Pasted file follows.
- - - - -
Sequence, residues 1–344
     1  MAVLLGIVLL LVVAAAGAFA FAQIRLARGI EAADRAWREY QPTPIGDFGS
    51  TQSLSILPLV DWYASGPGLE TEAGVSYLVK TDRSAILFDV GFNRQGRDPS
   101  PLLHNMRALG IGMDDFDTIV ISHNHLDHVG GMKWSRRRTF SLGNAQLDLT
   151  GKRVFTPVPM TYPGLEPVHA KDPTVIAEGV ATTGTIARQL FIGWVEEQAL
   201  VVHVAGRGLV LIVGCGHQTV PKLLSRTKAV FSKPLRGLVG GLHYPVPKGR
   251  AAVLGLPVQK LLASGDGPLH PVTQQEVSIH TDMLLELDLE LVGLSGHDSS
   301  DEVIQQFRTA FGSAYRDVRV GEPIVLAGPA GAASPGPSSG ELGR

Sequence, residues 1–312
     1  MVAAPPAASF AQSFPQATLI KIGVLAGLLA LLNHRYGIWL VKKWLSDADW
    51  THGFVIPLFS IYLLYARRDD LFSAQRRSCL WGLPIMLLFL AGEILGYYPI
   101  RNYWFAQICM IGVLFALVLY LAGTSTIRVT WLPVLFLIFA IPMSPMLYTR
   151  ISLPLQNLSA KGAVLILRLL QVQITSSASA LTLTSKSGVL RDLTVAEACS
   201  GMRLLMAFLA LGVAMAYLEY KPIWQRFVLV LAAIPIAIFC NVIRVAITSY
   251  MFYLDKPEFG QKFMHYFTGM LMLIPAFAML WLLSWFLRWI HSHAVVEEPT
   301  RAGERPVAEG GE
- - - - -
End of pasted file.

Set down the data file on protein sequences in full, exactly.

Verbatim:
Sequence, residues 1–344
     1  MAVLLGIVLL LVVAAAGAFA FAQIRLARGI EAADRAWREY QPTPIGDFGS
    51  TQSLSILPLV DWYASGPGLE TEAGVSYLVK TDRSAILFDV GFNRQGRDPS
   101  PLLHNMRALG IGMDDFDTIV ISHNHLDHVG GMKWSRRRTF SLGNAQLDLT
   151  GKRVFTPVPM TYPGLEPVHA KDPTVIAEGV ATTGTIARQL FIGWVEEQAL
   201  VVHVAGRGLV LIVGCGHQTV PKLLSRTKAV FSKPLRGLVG GLHYPVPKGR
   251  AAVLGLPVQK LLASGDGPLH PVTQQEVSIH TDMLLELDLE LVGLSGHDSS
   301  DEVIQQFRTA FGSAYRDVRV GEPIVLAGPA GAASPGPSSG ELGR

Sequence, residues 1–312
     1  MVAAPPAASF AQSFPQATLI KIGVLAGLLA LLNHRYGIWL VKKWLSDADW
    51  THGFVIPLFS IYLLYARRDD LFSAQRRSCL WGLPIMLLFL AGEILGYYPI
   101  RNYWFAQICM IGVLFALVLY LAGTSTIRVT WLPVLFLIFA IPMSPMLYTR
   151  ISLPLQNLSA KGAVLILRLL QVQITSSASA LTLTSKSGVL RDLTVAEACS
   201  GMRLLMAFLA LGVAMAYLEY KPIWQRFVLV LAAIPIAIFC NVIRVAITSY
   251  MFYLDKPEFG QKFMHYFTGM LMLIPAFAML WLLSWFLRWI HSHAVVEEPT
   301  RAGERPVAEG GE